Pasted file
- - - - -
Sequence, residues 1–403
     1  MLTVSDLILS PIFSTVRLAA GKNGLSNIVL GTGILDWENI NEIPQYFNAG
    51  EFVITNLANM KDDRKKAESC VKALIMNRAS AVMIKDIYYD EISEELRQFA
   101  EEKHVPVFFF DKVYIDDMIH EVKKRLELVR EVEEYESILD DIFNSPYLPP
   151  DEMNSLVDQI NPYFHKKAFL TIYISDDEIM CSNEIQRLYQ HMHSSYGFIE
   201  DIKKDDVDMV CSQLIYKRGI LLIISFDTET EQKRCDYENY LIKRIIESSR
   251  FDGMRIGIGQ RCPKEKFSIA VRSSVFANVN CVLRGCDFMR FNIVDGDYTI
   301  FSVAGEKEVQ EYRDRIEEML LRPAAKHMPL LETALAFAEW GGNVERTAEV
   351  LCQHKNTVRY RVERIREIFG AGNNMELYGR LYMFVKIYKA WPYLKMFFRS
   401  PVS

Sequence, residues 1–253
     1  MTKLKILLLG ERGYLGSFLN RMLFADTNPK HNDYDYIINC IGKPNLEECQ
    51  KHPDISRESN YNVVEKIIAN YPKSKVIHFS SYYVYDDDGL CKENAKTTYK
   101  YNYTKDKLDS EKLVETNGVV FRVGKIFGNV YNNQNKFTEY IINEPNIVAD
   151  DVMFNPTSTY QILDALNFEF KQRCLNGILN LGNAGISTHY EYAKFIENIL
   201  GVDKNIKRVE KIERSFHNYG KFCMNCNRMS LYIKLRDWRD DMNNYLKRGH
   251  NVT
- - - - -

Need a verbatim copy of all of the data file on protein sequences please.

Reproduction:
Sequence, residues 1–403
     1  MLTVSDLILS PIFSTVRLAA GKNGLSNIVL GTGILDWENI NEIPQYFNAG
    51  EFVITNLANM KDDRKKAESC VKALIMNRAS AVMIKDIYYD EISEELRQFA
   101  EEKHVPVFFF DKVYIDDMIH EVKKRLELVR EVEEYESILD DIFNSPYLPP
   151  DEMNSLVDQI NPYFHKKAFL TIYISDDEIM CSNEIQRLYQ HMHSSYGFIE
   201  DIKKDDVDMV CSQLIYKRGI LLIISFDTET EQKRCDYENY LIKRIIESSR
   251  FDGMRIGIGQ RCPKEKFSIA VRSSVFANVN CVLRGCDFMR FNIVDGDYTI
   301  FSVAGEKEVQ EYRDRIEEML LRPAAKHMPL LETALAFAEW GGNVERTAEV
   351  LCQHKNTVRY RVERIREIFG AGNNMELYGR LYMFVKIYKA WPYLKMFFRS
   401  PVS

Sequence, residues 1–253
     1  MTKLKILLLG ERGYLGSFLN RMLFADTNPK HNDYDYIINC IGKPNLEECQ
    51  KHPDISRESN YNVVEKIIAN YPKSKVIHFS SYYVYDDDGL CKENAKTTYK
   101  YNYTKDKLDS EKLVETNGVV FRVGKIFGNV YNNQNKFTEY IINEPNIVAD
   151  DVMFNPTSTY QILDALNFEF KQRCLNGILN LGNAGISTHY EYAKFIENIL
   201  GVDKNIKRVE KIERSFHNYG KFCMNCNRMS LYIKLRDWRD DMNNYLKRGH
   251  NVT